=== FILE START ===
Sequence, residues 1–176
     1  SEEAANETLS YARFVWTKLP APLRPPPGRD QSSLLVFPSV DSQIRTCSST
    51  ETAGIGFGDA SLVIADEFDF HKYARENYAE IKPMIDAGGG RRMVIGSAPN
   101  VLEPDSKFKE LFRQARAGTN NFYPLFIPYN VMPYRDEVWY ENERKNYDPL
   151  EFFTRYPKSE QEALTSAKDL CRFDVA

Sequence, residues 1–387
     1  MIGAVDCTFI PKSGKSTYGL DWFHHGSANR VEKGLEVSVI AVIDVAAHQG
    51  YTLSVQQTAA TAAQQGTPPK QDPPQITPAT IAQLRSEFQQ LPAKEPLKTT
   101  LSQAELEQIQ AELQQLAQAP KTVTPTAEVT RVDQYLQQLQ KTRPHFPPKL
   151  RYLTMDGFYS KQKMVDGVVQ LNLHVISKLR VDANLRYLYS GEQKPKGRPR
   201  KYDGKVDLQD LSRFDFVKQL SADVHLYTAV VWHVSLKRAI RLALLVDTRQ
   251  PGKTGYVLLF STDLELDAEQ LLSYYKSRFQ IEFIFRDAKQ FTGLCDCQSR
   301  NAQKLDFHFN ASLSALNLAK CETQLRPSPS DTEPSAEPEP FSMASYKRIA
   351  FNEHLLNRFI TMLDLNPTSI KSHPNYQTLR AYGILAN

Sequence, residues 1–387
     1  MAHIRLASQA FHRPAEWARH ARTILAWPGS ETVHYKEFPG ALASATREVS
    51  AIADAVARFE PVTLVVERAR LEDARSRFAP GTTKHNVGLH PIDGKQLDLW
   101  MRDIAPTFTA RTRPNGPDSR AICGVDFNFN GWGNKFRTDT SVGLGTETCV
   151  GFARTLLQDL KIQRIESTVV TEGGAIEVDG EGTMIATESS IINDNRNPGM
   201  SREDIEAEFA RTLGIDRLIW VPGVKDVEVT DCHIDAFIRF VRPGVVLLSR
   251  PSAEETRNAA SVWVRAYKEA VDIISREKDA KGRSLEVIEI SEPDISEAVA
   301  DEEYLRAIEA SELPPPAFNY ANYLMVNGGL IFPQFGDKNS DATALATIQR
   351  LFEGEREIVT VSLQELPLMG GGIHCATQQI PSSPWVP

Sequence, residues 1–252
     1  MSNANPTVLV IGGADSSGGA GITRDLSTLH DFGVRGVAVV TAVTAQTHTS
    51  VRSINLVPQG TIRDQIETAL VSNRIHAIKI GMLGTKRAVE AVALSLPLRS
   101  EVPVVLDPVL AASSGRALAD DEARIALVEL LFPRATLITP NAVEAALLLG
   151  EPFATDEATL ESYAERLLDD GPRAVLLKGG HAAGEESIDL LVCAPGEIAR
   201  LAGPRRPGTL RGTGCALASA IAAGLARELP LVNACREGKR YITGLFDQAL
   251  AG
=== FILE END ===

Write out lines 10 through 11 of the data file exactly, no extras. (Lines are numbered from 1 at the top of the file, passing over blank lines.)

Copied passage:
   151  RYLTMDGFYS KQKMVDGVVQ LNLHVISKLR VDANLRYLYS GEQKPKGRPR
   201  KYDGKVDLQD LSRFDFVKQL SADVHLYTAV VWHVSLKRAI RLALLVDTRQ